If there is one huge casualty of President Duterte’s first two years, it is the rule of law. It is that certainty that our behavior is steered by a body of laws, guided by the idea that law is a path to justice and not a weapon to be used for partisan aims, not a thing to be trampled on because it hinders a harmful centerpiece project.
It wasn’t a long time ago when Duterte uttered these words: “My adherence to due process and the rule of law is uncompromising.” Some of us held our breaths, others were hopeful as we listened to his inaugural speech.
These have turned out to be hollow. In reality, what we’re experiencing is the great unraveling of an anchor of our democracy, young and immature as it may be.
It began with the war on drugs, the single biggest destroyer of the rule of law. A total of 6,542 were killed from July 1, 2016 to March 20, 2018 – or an average of about 25 per day, statistics from the Philippine Drug Enforcement Agency show. Of these, 4,075 were murdered in so-called legitimate operations; the rest, 2,467, were carried out by vigilantes.
Tidal wave of immunity
These killings have unleashed a tidal wave of impunity as non drug-related murders surged during Duterte’s first two years in office. The Philippine National Police (PNP) has recorded 23,518 killings – which they call Homicide Cases Under Investigation – or an average of 33 a day. These do not include killings by cops in police operations and not all are linked to drugs. The PNP claims that 11.43% were related to drugs and the rest were not, including cases where they are still establishing motives for the killings.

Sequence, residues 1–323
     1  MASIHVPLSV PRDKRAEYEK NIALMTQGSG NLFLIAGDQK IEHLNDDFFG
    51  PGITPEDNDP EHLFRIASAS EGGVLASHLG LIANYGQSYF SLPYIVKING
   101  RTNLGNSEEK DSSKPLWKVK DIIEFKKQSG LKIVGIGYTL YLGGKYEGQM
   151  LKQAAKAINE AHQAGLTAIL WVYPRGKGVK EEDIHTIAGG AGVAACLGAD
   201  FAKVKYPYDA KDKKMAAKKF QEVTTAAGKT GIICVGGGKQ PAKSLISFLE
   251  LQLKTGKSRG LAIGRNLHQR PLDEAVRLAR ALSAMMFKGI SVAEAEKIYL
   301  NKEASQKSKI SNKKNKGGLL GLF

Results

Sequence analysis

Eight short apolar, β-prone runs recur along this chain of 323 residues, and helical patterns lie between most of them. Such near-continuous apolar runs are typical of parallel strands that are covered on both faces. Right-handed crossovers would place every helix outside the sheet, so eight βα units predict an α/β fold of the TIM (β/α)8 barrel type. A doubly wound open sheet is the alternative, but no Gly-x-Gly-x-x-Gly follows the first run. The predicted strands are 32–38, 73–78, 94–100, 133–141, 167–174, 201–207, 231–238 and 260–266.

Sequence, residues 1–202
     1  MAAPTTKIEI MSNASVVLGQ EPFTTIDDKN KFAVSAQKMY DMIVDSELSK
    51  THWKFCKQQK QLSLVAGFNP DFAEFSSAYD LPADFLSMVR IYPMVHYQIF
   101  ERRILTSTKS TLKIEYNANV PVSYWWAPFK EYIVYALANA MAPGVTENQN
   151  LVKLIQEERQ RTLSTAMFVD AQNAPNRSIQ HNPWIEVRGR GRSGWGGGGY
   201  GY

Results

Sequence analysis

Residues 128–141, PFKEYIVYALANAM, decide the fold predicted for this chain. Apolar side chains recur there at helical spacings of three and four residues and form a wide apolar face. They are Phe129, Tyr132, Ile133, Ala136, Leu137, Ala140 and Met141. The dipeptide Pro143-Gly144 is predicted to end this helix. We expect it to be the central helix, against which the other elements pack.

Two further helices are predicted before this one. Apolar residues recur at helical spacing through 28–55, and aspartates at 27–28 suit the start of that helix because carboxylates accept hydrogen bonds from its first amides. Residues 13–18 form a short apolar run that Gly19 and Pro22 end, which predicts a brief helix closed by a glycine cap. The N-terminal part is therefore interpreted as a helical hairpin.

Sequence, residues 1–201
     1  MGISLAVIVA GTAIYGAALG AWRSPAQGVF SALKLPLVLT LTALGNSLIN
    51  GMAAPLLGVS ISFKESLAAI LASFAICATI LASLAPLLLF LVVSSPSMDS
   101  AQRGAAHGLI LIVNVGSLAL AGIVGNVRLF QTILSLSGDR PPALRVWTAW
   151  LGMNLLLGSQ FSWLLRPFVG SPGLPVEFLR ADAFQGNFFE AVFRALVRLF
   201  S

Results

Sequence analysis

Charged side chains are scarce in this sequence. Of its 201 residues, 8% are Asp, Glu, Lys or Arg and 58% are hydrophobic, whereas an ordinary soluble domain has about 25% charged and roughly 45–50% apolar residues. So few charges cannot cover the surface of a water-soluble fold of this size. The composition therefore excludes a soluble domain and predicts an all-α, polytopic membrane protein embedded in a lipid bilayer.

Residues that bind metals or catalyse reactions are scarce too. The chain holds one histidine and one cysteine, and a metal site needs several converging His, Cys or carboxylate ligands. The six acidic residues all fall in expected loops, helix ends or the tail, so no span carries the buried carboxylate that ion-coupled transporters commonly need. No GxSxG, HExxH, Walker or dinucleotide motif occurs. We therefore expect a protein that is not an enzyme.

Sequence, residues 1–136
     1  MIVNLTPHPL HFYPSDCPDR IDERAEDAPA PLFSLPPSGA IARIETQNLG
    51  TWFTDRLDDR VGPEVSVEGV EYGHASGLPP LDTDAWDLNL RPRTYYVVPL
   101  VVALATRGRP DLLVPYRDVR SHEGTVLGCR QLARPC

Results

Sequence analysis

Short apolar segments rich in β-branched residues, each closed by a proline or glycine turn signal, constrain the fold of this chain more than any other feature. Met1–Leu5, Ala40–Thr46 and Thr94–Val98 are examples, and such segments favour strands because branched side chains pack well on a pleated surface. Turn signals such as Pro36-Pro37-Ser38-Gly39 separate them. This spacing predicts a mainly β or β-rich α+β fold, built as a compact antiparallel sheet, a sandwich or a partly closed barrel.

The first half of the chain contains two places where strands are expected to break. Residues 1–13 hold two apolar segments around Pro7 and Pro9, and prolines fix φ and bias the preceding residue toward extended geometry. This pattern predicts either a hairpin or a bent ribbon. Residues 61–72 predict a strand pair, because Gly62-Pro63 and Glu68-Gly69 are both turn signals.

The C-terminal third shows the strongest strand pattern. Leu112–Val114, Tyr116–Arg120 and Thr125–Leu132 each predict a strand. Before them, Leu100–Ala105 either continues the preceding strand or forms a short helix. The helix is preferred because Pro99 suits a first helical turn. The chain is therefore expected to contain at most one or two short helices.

This is the effect of the war on drugs, publicly supported by the President who applauded policemen who went for the kill, emboldening them. Duterte set the tone, blurring the borders between law and lawlessness.
The most brazen example was the slaying of Mayor Rolando Espinosa Sr, an alleged drug lord, in his prison cell in 2016 by members of a police unit, the Criminal Investigation and Detection Group. Despite the findings of the National Bureau of Investigation that it was a “rub out”, and not a shoot-out as the police raiding team claimed, the perpetrators have gotten off the hook, thanks to the President.
Duterte ordered the reinstatement of the team leader, Superintendent Marvin Marcos, and even announced that he would pardon Marcos if found guilty. This lucky police officer remains unscathed and enjoys acceptance by the PNP top brass. Instead of being held to account, Marcos is cloaked with immunity. He is among the untouchables in Duterte’s unrelenting war on drugs.
Uneven application of the law
Most of the victims, however, are from the poor communities, reinforcing the elitist system that Duterte promised to change, and flouting a core tenet that the law should apply equally to all.
The poor are the easiest to go after because they’re powerless, their families, voiceless, and hardly do they have access to justice.
To illustrate the logic of this war on the poor, an exchange between Justice Antonio Carpio and Solicitor General Jose Calida during an oral argument in the Supreme Court in April is instructive.
After a discussion on the 18-page police circular 16-2016 which pointed to mainland Chinese and Filipino-Chinese syndicates as dominating the drug market in the country and which set guidelines for the anti-illegal drugs campaign, Carpio asked Calida: